Please call Gov Perry at (512) 463-2000 and urge him to stop the execution of Hank Skinner on March 24, 2010 by granting a 30-day stay of execution so that DNA evidence can be tested. Call anytime day or night and leave message on voice mail.



Austin American-Statesman Editorial Board:

If all goes as planned by the state of Texas, tomorrow will be the final sunrise Henry W. Skinner ever sees. Skinner, 47, is scheduled to be executed at 6 p.m. Wednesday for a brutal triple-murder committed in Pampa on New Year's Eve 1993.
We believe that even the most ardent supporters of capital punishment, confronted with the facts below, will join Skinner in asking Gov. Rick Perry for a 30-day reprieve.
In fact, the most ardent supporters of capital punishment — those most invested in making sure Texas does not execute an innocent person — are the ones who should be leading the call for the delay.
There are seven untested items that contain DNA that could be dispositive of Skinner's claim that he was falsely convicted.
The state has blocked that testing, noting that Skinner passed on a chance to have the testing done prior to his 1995 trial. That decision was made by Skinner's trial lawyer, who, noting that other DNA tests on items found at the crime scene damaged his case, didn't want further testing.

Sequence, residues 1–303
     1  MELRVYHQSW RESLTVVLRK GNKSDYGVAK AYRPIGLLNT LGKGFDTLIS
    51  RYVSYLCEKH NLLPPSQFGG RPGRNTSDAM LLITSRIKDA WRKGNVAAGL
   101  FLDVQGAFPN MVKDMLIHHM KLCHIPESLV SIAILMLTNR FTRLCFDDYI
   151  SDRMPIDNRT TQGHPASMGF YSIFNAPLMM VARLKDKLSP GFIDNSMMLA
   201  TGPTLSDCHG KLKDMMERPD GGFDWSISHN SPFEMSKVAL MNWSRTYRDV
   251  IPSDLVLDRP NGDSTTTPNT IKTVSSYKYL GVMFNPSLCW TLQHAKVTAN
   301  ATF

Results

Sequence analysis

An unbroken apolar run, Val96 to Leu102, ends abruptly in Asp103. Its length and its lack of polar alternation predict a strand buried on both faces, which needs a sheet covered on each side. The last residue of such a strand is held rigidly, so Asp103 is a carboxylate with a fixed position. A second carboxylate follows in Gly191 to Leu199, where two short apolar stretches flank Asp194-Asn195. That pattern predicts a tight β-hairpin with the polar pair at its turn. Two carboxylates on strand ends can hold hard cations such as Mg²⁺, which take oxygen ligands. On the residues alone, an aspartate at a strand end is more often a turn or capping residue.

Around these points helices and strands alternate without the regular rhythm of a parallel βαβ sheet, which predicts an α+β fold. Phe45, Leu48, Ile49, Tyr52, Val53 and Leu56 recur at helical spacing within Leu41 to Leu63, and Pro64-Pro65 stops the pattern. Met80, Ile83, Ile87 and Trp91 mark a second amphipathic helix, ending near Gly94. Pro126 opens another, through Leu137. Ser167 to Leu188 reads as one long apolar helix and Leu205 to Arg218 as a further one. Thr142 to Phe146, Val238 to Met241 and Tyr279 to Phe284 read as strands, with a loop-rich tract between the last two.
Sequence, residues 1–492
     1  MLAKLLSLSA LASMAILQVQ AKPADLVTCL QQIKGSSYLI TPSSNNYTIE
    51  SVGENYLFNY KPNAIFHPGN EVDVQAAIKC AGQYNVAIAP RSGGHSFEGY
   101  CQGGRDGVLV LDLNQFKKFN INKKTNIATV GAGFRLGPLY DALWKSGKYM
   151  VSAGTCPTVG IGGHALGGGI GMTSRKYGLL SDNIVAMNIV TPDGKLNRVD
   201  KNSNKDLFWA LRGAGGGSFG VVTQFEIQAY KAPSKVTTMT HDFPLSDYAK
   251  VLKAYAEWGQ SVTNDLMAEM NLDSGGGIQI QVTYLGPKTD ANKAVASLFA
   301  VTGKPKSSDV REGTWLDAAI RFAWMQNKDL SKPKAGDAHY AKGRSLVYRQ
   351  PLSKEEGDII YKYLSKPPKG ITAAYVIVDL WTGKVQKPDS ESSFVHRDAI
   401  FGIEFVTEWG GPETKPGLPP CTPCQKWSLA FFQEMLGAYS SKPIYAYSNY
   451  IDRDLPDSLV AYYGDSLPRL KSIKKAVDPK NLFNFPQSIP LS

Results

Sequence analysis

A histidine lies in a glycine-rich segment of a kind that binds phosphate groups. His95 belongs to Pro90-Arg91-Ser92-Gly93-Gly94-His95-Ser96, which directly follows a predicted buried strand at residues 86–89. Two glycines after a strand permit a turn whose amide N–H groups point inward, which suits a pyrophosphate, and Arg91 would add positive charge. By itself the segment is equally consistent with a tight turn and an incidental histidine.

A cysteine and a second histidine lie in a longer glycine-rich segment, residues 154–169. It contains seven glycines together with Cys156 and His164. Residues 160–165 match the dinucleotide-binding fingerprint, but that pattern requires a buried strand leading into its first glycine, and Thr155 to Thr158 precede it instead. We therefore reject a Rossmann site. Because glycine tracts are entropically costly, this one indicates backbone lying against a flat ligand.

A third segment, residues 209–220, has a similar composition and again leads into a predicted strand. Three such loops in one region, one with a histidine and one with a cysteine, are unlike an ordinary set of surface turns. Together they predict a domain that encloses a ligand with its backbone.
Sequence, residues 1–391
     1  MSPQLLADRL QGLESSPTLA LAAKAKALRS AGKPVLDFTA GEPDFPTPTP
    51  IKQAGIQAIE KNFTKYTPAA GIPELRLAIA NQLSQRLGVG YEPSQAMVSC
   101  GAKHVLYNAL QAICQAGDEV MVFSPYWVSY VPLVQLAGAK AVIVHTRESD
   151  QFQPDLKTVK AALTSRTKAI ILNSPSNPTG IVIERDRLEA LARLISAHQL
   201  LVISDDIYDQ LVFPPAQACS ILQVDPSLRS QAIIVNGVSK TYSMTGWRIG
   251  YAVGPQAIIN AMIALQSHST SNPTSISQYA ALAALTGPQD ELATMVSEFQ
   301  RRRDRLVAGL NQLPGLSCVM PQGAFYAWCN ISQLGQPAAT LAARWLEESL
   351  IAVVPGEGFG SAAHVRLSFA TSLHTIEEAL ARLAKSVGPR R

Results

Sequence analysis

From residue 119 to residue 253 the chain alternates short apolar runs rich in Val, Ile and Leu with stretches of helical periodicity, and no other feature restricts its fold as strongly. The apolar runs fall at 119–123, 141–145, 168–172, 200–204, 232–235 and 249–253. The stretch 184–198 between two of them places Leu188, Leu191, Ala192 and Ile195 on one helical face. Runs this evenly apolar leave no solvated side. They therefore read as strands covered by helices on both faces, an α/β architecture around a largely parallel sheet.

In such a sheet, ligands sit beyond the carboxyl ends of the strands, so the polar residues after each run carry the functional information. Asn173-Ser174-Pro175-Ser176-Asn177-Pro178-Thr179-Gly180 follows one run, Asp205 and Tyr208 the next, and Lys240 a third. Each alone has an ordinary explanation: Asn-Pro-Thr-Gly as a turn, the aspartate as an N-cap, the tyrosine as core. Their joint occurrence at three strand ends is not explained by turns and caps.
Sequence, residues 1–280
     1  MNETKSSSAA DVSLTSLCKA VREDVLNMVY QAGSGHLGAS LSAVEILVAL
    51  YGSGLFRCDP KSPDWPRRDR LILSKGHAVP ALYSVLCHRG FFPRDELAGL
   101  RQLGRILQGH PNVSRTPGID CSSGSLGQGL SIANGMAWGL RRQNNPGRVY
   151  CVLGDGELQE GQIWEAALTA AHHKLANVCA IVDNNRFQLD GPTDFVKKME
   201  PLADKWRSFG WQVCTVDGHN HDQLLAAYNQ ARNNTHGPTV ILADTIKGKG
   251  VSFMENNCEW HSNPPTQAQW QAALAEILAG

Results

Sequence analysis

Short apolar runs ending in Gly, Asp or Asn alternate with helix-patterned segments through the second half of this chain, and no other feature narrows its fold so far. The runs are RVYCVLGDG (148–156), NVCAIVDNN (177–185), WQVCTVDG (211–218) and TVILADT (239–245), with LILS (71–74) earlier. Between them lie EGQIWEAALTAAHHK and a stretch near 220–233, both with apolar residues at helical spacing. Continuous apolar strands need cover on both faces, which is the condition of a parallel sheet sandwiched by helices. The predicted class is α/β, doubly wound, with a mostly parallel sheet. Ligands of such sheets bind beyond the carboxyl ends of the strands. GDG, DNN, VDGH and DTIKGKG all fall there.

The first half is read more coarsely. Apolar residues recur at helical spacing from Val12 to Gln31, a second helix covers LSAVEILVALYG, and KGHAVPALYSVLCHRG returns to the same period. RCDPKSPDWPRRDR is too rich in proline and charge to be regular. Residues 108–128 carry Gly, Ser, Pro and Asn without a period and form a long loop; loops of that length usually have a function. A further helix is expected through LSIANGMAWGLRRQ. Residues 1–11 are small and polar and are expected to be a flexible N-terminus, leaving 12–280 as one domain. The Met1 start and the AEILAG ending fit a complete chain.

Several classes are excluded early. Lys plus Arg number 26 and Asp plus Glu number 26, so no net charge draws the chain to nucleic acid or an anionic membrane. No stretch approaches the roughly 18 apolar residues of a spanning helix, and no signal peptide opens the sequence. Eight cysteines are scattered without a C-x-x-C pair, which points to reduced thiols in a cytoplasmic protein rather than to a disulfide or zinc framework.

Now, Skinner — represented by the Capital Punishment Center at the University of Texas School of Law — wants Gov. Rick Perry to use his authority to delay the execution for 30 days and order the DNA testing. The Texas Board of Pardons and Paroles, in a 7-0 vote, on Monday recommended against a commutation or reprieve.
Can there be anybody who does not see the reprieve request as a harmless one that should be granted, especially because there is Texas precedent for it?
Jurors, working with testimony including some crucial portions later recanted, convicted Skinner of killing his girlfriend Twila Busby and her sons, Elwin Caler, 22, and Randy Busby, 20, at the Pampa home the four of them shared. Circumstantial evidence offered at the trial was tainted by seeming inconsistencies, including evidence showing Skinner was so incapacitated by drugs and alcohol that it was doubtful he could have stood up, much less kill three people (including the 6-foot-6-inch, 225-pound Busby).